Technically this is a “Did Not Finish” because my library loan expired when I was about 30 pages from the end and I’m not going to bother re-borrowing it, mainly because I was so close to the end I’m certain I have gotten everything out of the book that I was going to get. It’s fine. It’ll probably do more for some other folks, but for me it was fine.
Self-help books like this usually aren’t my thing, but this is part of what I like about CBR Bingo, it pushes me out of my comfort zone and gets me to try something I might normally have skipped over. Even if it doesn’t end up being a favorite, there is something satisfying about knowing I tried it. This Not My Wheelhouse book is kind of in the middle. I did get some good things out of this book, I’m glad I read it, but I wouldn’t say I really liked it, if that makes sense.
I can’t quite put my finger on exactly why, but this book was a bit of a slog for me. The fact that, even though I was steadily reading it, I ran out of time on my library loan is pretty telling in that regard. I’m generally a fast reader, three weeks should be more than enough time for a 350pg book. I wasn’t bothered by her style, and I do like that she uses not just other case studies but examples from her own life to help illustrate her concepts, I like that a lot, actually; but for whatever reason I just couldn’t get into it. Maybe I wish she was just a little less wordy with her examples? I don’t know, though, that doesn’t feel right either. Eh, I couldn’t get into it, I’ll leave it there.
This book is mainly geared towards women and how women specifically experience and deal with shame. I think, while both men and women obviously both experience pressure and shame in negative ways in our culture, I do think it’s easy to agree that there are some things that are more specific to women than others. This concept of needing to be “perfect” might exist in both genders, but how it manifests, what the requirements are, is different. In this book, Brené talks about the ways in which women tend to feel shamed and pressured into being “perfect.” She covers a lot of territory, including the big ones: looks, weight, “acceptable” behaviour, work attitudes and performance. I found it really interesting when she touched on some of the less universal things as well, such as what happens when you grow up in America with a name that isn’t “white” or when a subculture you are a member of has an expectation that is in conflict with the culture at large.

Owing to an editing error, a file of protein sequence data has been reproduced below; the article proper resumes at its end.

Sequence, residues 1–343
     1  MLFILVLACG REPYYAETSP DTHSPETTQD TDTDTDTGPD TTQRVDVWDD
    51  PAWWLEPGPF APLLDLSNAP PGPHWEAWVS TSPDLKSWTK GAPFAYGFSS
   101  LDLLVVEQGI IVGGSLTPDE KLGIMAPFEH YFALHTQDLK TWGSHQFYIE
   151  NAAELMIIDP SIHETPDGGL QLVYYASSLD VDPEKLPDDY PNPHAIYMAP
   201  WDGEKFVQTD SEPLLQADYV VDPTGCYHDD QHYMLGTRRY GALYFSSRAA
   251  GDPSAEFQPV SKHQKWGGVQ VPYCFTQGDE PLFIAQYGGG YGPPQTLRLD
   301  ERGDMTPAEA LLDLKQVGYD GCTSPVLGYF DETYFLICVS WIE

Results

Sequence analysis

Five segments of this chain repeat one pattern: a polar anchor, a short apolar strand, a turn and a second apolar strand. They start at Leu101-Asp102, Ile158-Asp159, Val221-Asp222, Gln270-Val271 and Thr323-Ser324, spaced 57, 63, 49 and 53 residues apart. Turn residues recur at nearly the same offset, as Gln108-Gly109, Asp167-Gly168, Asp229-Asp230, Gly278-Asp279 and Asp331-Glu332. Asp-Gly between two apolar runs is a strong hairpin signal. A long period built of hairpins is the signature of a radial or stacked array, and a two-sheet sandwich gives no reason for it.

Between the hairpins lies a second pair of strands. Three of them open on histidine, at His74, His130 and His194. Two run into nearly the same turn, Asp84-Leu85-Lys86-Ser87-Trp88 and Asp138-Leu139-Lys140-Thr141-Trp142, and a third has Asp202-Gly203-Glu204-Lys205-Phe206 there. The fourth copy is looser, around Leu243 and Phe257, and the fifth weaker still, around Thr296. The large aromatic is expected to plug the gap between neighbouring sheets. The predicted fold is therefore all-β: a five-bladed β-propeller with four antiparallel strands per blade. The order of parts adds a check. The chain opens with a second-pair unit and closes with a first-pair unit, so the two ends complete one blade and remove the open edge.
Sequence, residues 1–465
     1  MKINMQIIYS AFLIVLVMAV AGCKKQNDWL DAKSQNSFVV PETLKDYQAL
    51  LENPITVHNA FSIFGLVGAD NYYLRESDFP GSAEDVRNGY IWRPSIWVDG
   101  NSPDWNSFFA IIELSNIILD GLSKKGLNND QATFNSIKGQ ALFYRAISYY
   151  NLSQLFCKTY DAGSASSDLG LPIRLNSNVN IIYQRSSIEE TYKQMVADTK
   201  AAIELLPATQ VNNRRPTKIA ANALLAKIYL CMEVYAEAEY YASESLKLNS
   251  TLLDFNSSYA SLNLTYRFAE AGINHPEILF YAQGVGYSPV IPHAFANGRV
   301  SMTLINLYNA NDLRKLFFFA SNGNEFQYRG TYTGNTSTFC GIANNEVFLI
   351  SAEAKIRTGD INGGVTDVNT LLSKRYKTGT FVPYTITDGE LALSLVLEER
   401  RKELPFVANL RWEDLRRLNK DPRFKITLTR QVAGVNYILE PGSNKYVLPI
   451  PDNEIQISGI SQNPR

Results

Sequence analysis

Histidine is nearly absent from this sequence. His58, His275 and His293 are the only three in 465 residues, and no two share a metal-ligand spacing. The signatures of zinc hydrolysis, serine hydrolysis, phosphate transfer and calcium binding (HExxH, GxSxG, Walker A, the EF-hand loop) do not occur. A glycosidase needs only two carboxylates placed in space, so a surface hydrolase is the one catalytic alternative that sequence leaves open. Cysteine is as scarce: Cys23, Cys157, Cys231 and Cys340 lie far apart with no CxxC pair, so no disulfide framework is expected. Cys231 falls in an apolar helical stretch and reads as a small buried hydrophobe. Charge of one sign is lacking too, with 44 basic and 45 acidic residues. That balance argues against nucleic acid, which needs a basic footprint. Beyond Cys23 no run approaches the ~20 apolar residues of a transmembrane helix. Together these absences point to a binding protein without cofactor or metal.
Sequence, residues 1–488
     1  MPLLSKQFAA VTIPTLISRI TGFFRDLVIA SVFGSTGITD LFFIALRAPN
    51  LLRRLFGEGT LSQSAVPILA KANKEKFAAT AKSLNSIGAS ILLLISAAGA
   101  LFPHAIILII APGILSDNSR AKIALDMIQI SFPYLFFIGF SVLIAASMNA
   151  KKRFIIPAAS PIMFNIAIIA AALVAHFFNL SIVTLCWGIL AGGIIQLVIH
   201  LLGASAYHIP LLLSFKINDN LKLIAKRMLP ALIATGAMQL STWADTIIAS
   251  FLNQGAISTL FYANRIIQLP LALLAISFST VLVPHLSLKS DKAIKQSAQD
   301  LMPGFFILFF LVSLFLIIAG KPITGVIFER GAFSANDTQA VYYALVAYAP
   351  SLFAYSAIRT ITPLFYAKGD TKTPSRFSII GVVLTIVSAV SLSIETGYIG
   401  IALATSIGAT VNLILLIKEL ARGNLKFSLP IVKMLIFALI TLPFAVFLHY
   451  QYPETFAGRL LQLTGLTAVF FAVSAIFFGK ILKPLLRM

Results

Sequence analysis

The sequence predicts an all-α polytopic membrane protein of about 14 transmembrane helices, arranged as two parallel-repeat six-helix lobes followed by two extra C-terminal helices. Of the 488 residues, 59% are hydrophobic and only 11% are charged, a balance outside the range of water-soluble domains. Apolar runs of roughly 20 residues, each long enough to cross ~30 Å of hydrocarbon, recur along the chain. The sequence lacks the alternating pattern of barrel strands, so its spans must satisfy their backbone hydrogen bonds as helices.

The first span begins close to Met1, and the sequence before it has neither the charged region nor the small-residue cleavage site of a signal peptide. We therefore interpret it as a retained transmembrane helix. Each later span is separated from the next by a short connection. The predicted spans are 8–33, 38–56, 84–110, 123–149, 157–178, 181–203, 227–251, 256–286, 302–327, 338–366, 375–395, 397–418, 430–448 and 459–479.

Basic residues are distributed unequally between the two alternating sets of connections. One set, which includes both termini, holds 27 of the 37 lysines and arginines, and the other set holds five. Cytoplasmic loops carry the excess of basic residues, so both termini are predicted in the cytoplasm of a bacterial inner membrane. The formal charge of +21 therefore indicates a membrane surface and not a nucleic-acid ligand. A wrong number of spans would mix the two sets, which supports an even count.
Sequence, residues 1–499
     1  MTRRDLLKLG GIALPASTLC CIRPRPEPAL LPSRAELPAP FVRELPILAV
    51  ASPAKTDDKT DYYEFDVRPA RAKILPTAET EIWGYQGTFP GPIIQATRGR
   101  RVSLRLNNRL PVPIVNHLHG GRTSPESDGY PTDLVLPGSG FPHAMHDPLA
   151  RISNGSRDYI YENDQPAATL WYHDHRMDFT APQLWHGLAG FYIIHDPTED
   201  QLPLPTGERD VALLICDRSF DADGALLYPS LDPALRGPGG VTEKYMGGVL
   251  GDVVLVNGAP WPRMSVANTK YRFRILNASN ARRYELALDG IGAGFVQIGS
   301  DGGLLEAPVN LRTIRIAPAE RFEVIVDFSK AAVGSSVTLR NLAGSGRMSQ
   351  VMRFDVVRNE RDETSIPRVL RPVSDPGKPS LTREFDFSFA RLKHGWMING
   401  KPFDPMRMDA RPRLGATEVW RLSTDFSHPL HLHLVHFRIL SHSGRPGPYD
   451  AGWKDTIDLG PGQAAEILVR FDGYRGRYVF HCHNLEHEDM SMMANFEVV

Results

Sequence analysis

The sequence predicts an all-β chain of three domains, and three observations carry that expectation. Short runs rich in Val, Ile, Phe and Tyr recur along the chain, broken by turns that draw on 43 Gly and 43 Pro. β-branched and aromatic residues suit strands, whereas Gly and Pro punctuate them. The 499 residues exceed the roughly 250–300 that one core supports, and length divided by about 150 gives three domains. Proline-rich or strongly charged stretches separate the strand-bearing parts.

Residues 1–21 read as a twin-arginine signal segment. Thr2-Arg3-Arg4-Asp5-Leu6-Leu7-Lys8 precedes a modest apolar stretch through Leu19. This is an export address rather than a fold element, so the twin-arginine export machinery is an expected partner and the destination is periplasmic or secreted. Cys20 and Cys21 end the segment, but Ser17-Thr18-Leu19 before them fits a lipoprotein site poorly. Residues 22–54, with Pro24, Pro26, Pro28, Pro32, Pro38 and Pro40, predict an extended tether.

She also talks about what we need to do in order to get that shame we are bound to encounter under control. She talks a lot about how empathy is a major tool for combating shame, both empathy for yourself and showing empathy and compassion to others. Things like having compassion not only when people are feeling shame, but when good people slip and do the kinds of behaviors that impose shame on other people. Why do we all do that? Because we do all do that. I found a lot of this interesting, I don’t know how actionable I found all of it, but it did give me ideas to mull over.
Overall it is interesting stuff, just not served up in my preferred style, I guess. I was a little unsure going in based around her “Wine Moms” popularity at the moment (yes, that is a generalization, and I don’t mean offense, but its the best description I could come up with). I was afraid it would be a little too “Everything About You Is Perfect! Everyone else IS Stupid! There is NEVER a reason to change! Be a Sunflower!” Honey Snow-esque for me (yep, that is a Frasier deep cut reference. I am on the bleeding edge of pop culture, folks, my judgements should be taken very seriously). I was pleasantly surprised at how straight forward, practical and factual her advice is. I just really wished I liked the book more.
I might try another book of hers at some point, maybe one that doesn’t have quite as specific focus would work better for me.
This is my “Not My Wheelhouse” Square for Bingo.